Then, the attacker searches and identifies the internal package names under that organization scope on your internal registry. How he does that, and the intelligence work and techniques that have to be done in this step are out of the scope of this POC. There are many ways to publicly identify internal package names.
The attacker then uploads a malicious package named the same as an internal package name, specifies it with a higher version number, and uploads it under the organization scope that was created in the first step.
Thus, developers, internal servers, and automated build processes will fetch, import and execute the malicious package uploaded by the attacker.
As for Python, the PIP package manager will always prefer an official PyPI package if it’s with a higher version.
PoC implementation of a successful dependency confusion attack
Let’s assume our organization is using a private registry where internal packages are uploaded and consumed or being used across the SDLC (Software development lifecycle). These internal packages are transferred from our internal registry into developers’ workstations, internal and external servers and our CI/CD pipelines using NPM as the package manager:
An internal package named “poc-npm-dependency-confusion” with version @0.1.1337 was uploaded under the “@oxappsec” organization scope. It’s sole purpose is to print “Hello world from a private package!” to the console.
Our organization has a super important repo named “dummy-repo”. It utilizes that internal package, as can be seen in the package.json file:
To emulate an adversary’s actions and perform the dependency confusion attack on our systems, the organization name “@oxappsec” was registered on NPM official website and we published a (non malicious) research-purposes-only package under that organization scope, named (you guessed it) “poc-npm-dependency-confusion”, with a higher version: @0.1.11337
(If you missed the extra ‘1’, you might also fall for Typosquatting, you can read more here)
You can view and investigate this package for yourself as it is currently sitting at the NPM public registry under “@oxappsec” organization scope. https://www.npmjs.com/package/@oxappsec/poc-npm-dependency-confusion
We run ‘npm i’ or ‘npm i @oxappsec/poc-npm-dependency-confusion’, and the public package will be downloaded. This can be shown in the package-lock.json file or within the node_modules/ folder.
We then notice and add an “.npmrc” file, in which we will specify that @oxappsec scoped packages should be fetched from our internal GAR (Google artifact registry) only.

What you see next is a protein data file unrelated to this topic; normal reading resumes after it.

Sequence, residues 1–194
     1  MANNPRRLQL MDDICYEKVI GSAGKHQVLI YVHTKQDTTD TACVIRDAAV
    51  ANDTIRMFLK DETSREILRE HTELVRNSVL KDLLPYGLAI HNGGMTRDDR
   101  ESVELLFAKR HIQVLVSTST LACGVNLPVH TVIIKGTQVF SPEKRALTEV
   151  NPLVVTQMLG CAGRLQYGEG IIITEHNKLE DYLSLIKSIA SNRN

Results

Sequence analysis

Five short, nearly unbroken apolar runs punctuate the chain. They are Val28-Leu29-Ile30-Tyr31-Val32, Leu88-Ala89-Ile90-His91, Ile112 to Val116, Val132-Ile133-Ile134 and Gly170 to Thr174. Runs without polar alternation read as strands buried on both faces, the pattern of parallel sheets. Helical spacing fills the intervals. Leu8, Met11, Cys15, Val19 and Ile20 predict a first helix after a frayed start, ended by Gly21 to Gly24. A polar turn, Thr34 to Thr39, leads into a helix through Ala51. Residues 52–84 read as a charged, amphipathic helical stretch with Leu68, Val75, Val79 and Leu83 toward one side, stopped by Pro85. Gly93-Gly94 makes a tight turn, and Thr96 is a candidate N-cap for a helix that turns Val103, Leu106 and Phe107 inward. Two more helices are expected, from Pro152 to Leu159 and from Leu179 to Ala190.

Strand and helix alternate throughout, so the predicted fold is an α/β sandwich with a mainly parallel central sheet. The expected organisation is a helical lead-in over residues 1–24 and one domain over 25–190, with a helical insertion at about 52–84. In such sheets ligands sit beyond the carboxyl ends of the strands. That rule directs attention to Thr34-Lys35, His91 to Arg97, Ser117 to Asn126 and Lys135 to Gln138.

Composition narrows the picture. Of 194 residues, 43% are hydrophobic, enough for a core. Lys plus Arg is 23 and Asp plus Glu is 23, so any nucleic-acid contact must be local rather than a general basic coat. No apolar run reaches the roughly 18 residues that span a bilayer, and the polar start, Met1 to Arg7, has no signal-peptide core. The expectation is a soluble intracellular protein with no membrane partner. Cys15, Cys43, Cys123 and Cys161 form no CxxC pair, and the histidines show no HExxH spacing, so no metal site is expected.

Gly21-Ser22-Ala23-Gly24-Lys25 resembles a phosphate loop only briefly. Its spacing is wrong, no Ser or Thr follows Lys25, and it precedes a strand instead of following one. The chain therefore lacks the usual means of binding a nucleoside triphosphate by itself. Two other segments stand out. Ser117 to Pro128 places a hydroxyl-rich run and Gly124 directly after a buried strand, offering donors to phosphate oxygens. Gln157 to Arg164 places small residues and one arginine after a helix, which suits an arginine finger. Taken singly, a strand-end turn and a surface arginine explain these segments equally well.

We run ‘npm i’ again, and all packages published under @oxappsec will be fetched from the private registry assuming there are no errors or misconfigurations.
To our surprise, the @oxappsec/poc-npm-dependency-confusion package is still fetched from the public registry!
Let’s assume we didn’t re-check the dependencies file or looked at where it was resolved from.
We now run once again the “helloWorld” function, which is inside @oxappsec/poc-npm-dependency-confusion:
“Hello World from public package!”
Only now, we notice it was still fetched from the public registry, a bit too late (!), as the adversary’s code was already executed.
This package, which could have been uploaded by an adversary could cause havoc on internal systems, exfiltrate environment variables during CI/CD pipeline executions, expose credentials, tokens and secrets, or do any of that silently without ever noticing, if properly disguised as the legitimate private package.
On the risks, prevention, and mitigations against dependency confusion attacks:
- Compromised CI/CD Pipelines:
Attackers attempt to upload malicious code disguised as internal dependencies to public repositories. If successful, these malicious packages may be unknowingly downloaded and incorporated into the CI/CD pipeline, leading to the introduction of backdoors, malware, or other malicious actions into the software.
- Developers’ Exposure: Developers relying on package managers may inadvertently install external packages with the same names as internal dependencies. This exposes organizations to the risk of unintentionally including vulnerable or malicious code from public repositories.
- Service Disruption and Downtime: Infiltrating the software supply chain with malicious packages can lead to service disruptions and downtime. The compromised code can trigger errors, crashes, or introduce vulnerabilities that affect the availability and reliability of the software. This can result in financial losses, customer dissatisfaction, and damage to the organization’s reputation.